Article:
Okay, I’m here to ask Mike a question.
I have found a 248 unit apartment complex.
The asking price is 6.6 mil. According to your formula, if I’ve done it right, I should offer no more than 4,960,000.
Did I figure that right?
Do you ever make an exception?
I’m asking because this complex is actually down the road from me.
Great suburbs, medien income in a 3 mi. radius of the complex is 74,000.per hh.
The complex needs some upgrading, exterior paint, etc. Appears to be mostly cosmetic although I need to investigate further. The seller is willing to finance although I need more details (waiting for his e-mail).
I talked to the police (I got pulled over while at the complex) they said no area in our area is bad but the complex has gone a little down hill and needs cosmetic help.
My big question if I can get financing for 6-7% from the owner wouldn’t it be acceptable to pay him 5.9 mil. My payment would still be smaller than if I paid him 4.9 mil at 10% (bank commercial financing)?
Just looking for feedback.
Okay, I’m here to ask Mike a question.
Wow, that is a big project. I have not done a project even close to that big. However, regardless of the size, you must have a positive cash flow. That is even more important with a big project like this one. If you make a mistake even by a small percentage on this size project, you’ll be broke in no time!
You ommitted the most important detail - the gross rents. To me, everything depends on the numbers. The very first thing I would do is subtract the mortgage payment (P & I) from 1/2 of the gross rents. That will give you the cash flow. Divide that by 248 to get your cash flow per unit.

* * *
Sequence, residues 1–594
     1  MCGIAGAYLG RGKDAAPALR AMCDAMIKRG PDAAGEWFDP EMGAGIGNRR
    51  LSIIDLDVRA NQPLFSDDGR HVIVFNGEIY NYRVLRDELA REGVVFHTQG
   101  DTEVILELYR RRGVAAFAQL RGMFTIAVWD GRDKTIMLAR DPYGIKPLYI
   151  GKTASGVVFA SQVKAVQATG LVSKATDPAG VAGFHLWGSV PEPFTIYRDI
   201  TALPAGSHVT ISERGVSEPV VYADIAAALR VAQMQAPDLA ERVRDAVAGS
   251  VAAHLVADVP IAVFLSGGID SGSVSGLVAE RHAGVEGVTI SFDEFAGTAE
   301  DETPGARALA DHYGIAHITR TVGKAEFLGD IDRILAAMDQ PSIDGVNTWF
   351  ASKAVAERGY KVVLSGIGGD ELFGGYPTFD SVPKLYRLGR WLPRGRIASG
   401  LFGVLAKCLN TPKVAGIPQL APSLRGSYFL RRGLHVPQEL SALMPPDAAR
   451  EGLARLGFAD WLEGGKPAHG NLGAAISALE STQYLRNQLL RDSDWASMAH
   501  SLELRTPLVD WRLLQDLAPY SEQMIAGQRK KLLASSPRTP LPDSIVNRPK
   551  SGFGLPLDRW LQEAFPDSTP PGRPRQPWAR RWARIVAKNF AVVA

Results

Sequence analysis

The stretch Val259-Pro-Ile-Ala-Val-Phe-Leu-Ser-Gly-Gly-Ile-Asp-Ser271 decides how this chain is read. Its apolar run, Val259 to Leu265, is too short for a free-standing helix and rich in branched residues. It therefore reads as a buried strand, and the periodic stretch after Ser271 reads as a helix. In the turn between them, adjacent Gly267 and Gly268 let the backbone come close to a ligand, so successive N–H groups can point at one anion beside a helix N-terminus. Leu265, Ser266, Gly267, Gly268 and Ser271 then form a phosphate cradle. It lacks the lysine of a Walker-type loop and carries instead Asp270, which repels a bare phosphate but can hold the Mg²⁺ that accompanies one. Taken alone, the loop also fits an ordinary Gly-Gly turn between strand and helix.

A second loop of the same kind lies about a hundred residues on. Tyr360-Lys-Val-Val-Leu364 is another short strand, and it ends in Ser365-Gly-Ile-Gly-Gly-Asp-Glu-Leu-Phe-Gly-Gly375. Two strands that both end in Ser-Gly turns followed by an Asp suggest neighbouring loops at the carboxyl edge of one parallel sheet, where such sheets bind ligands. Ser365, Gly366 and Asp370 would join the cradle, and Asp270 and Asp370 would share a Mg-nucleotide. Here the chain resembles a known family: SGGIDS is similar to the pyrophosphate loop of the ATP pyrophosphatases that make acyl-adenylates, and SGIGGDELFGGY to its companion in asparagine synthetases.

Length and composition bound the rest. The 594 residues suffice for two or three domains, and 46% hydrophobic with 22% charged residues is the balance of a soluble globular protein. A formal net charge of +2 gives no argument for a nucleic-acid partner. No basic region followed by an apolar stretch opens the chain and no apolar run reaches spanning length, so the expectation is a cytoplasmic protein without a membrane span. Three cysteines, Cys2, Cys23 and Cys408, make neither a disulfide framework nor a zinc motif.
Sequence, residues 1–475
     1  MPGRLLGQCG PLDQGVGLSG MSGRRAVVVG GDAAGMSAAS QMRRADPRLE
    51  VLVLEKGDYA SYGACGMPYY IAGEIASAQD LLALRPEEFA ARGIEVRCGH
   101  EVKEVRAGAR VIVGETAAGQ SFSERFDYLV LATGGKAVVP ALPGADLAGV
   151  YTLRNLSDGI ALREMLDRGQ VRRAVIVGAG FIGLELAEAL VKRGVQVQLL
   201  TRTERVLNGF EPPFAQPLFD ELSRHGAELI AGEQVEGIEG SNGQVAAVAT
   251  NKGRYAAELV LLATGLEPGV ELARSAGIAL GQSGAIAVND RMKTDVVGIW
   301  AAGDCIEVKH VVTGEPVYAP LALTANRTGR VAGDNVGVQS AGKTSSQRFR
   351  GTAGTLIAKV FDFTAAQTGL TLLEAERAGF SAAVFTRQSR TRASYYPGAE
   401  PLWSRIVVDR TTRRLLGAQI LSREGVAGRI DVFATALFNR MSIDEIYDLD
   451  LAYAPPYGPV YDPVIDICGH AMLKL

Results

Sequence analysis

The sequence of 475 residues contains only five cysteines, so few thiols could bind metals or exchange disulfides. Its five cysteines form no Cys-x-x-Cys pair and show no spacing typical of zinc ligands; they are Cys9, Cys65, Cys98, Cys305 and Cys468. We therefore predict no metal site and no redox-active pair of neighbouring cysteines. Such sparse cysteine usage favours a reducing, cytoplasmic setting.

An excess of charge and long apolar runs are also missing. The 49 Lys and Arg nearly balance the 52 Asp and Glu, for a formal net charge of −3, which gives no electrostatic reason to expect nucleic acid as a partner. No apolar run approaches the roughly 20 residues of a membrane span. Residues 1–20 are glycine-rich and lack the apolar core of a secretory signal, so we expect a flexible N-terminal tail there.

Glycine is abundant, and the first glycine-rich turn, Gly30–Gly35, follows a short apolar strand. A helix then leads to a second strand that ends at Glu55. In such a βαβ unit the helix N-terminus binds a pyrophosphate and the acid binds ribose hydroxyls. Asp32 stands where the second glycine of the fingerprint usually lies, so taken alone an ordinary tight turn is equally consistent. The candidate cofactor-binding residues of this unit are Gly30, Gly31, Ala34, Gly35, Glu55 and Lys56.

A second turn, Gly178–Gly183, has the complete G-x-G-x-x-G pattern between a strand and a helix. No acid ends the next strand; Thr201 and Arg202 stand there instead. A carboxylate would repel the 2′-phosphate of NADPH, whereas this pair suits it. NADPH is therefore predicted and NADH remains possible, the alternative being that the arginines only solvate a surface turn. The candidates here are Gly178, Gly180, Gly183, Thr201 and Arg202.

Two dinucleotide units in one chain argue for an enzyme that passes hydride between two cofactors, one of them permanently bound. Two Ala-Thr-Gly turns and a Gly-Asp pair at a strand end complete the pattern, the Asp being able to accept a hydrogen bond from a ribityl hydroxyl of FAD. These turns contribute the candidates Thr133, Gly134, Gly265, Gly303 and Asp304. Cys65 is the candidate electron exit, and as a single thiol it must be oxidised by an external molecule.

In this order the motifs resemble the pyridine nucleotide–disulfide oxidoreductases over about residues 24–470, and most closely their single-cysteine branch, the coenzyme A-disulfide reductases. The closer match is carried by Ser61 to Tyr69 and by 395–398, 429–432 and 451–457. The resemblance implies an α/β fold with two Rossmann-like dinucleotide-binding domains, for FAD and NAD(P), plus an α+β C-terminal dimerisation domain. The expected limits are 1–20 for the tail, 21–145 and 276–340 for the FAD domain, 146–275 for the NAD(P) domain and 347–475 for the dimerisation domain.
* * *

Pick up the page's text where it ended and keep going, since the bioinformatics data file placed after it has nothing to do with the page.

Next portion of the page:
From a cash flow standpoint, you could pay more for a property if it has a lower interest rate. The problem with paying a higher price is that the property will be more difficult to sell if you need to get out of the deal. Buying at a discount gives you equity AND the ability to get out of the deal safely.
Danny(theGREAT) might have some properties that big and may be able to offer some advice. Just remember, whether you’re buying a 1br single family house or a 100 story office building, CASH FLOW IS KING!
Post the numbers, I’d love to see them.
Thanks for youe quick response, I’m awaiting the numbers too and as soon as I get them you can be sure I’ll post for advice.
I have tried to come up with basic no.'s based on experience. ie. the tax rate is same as my home so I figured about what they might be, ins. based on my units elswhere as I did w/ garbage removal.
Here are my tentative no’s.
1 bed 1 bath 748’ 72 units at 450.00 per month
2 bed 1.5 bath 984’ 80 units at 550.00 per month
2 bed 1.5 bath townhouse 110 at 650.00 per month
3 bed 1.5 bath townhouse 22 unit 700.00 per month
total income 163,300. I subtracted 25% for vacancy rate. I wanted to be very conservative. I drove through and there seem to be alot of cars but two buildings seem to need more work and I think they are empty. That leaves me with 122,500.-garbage 1,500.-taxes 15,000. -ins 7,000.-repairs 10,000.- management 12,000 (me)-payment 60,000.00 ( based on the worst case senario, 6 mil at 10% for 20 years) leaving me with 17,000.
Now, I know how fast 17,000. can turn into 17.00 lol